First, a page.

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            Author and article information

            Affiliations
            [1 ]Department of Epidemiology, Rollins School of Public Health, Emory University, Atlanta, Georgia, United States of America
            [2 ]Department of Psychology, Georgia State University, Atlanta, Georgia, United States of America
            [3 ]Department of Infectious Diseases, Emory University School of Medicine, Atlanta, Georgia, United States of America
            [4 ]Department of Behavioral Sciences and Health Education, Rollins School of Public Health, Emory University, Atlanta, Georgia, United States of America
            [5 ]Institute of Public Health, Georgia State University, Atlanta, Georgia, United States of America
            [6 ]Hubert Department of Global Health, Rollins School of Public Health, Emory University, Atlanta, Georgia, United States of America
            Infectious Disease Service, United States of America
            Author notes

            Competing Interests: The authors have declared that no competing interests exist.

            Conceived and designed the experiments: PSS JP ESR CFK HC LS PF GW RD CDR MM. Performed the experiments: PSS ESR CFK THS. Analyzed the data: PSS ESR HC AV THS. Wrote the paper: PSS ESR THS.

            Contributors
            Role: Editor
            Journal
            PLoS One
            PLoS ONE
            plos
            plosone
            PLoS ONE
            Public Library of Science (San Francisco, USA )
            1932-6203
            2014
            7 March 2014
            : 9
            : 3
            3946498 PONE-D-13-34981 10.1371/journal.pone.0090514

            This is an open-access article distributed under the terms of the Creative Commons Attribution License, which permits unrestricted use, distribution, and reproduction in any medium, provided the original author and source are credited.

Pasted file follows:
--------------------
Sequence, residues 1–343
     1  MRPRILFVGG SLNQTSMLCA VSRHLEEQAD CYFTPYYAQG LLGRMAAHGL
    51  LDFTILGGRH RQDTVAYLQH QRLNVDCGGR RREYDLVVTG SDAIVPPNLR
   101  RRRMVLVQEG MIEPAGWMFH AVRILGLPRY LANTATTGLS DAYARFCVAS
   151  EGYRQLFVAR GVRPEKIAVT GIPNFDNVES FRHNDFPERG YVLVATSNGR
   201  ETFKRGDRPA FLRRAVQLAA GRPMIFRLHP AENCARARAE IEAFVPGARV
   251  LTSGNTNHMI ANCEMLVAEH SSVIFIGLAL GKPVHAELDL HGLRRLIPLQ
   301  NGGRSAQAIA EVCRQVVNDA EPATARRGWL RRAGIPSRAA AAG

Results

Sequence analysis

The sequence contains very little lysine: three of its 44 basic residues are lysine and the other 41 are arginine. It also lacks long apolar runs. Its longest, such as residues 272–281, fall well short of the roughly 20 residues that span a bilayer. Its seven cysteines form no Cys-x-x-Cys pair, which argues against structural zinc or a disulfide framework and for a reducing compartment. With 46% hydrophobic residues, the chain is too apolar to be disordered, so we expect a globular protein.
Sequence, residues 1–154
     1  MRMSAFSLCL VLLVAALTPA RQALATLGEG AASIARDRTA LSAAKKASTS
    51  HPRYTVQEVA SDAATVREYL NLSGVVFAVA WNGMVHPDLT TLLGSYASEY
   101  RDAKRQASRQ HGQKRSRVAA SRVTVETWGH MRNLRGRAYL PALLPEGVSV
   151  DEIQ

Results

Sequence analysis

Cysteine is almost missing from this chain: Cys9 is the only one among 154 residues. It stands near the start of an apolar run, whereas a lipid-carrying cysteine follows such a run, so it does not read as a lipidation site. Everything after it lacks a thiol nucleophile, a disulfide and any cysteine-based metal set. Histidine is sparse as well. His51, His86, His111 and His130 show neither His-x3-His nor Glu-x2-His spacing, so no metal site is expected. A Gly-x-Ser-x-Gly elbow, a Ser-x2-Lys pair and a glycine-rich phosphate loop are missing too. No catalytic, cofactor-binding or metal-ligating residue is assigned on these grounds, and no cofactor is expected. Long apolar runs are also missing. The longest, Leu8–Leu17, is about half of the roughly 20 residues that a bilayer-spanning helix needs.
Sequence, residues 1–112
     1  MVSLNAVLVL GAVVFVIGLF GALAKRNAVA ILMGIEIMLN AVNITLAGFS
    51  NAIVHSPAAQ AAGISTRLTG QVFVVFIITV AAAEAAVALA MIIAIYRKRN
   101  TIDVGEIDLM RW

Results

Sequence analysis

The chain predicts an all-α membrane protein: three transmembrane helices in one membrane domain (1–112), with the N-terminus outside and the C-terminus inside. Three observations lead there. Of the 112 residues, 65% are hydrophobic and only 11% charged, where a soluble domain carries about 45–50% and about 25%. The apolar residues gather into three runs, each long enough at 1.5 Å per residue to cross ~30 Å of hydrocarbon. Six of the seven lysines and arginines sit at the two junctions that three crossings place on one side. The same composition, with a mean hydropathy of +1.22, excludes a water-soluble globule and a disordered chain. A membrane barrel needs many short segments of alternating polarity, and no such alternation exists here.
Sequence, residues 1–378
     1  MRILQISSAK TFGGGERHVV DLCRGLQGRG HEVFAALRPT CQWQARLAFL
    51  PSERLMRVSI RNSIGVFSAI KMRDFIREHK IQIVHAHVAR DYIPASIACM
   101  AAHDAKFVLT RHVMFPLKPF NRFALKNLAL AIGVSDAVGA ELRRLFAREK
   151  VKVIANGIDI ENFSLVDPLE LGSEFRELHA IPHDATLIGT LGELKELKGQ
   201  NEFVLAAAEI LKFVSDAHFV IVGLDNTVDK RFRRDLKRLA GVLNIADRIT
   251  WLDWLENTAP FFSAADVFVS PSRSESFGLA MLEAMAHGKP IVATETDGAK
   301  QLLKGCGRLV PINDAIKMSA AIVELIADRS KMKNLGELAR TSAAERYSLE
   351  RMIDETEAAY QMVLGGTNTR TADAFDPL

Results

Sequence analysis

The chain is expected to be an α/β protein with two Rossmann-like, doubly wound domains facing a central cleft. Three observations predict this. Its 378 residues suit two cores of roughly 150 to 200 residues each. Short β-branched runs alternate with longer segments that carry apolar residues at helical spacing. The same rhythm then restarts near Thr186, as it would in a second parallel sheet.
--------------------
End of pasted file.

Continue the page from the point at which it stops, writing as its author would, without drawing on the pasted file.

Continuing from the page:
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            Pages: 11
            Funding
            Funding was provided by the National Institute of Mental Health (R01MH085600), National Institute of Minority Health and Health Disparities (RC1MD004370), Eunice Kennedy Shriver National Institute for Child Health and Human Development (R01HD067111), National Institute of Drug Abuse (R01DA029513), National Institute of Allergy and Infectious Diseases (P30AI050409)-Emory Center for AIDS Research, and the National Center for Advancing Translational Sciences of the National Institutes of Health under Award Number UL1TR000454. The funders had no role in study design, data collection and analysis, decision to publish, or preparation of the manuscript.
            Categories
            Research Article
            Medicine
            Epidemiology
            Infectious Disease Epidemiology
            Infectious diseases
            Sexually Transmitted Diseases
            AIDS
            Chlamydia
            Gonorrhea
            Syphilis
            Viral diseases
            HIV
            HIV epidemiology
            Public Health
            Socioeconomic Aspects of Health
            Social and Behavioral Sciences
            Psychology
            Behavior

            Uncategorized